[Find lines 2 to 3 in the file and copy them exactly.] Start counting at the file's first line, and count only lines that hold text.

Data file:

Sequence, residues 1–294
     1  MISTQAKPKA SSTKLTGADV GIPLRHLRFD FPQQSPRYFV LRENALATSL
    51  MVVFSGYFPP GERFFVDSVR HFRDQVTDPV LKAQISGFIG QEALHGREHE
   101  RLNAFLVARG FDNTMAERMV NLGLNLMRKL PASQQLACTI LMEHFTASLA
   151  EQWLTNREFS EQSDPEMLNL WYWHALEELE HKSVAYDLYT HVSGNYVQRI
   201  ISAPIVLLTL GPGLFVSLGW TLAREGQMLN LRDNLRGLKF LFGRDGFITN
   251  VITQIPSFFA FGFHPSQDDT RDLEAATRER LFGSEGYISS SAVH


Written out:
     1  MISTQAKPKA SSTKLTGADV GIPLRHLRFD FPQQSPRYFV LRENALATSL
    51  MVVFSGYFPP GERFFVDSVR HFRDQVTDPV LKAQISGFIG QEALHGREHE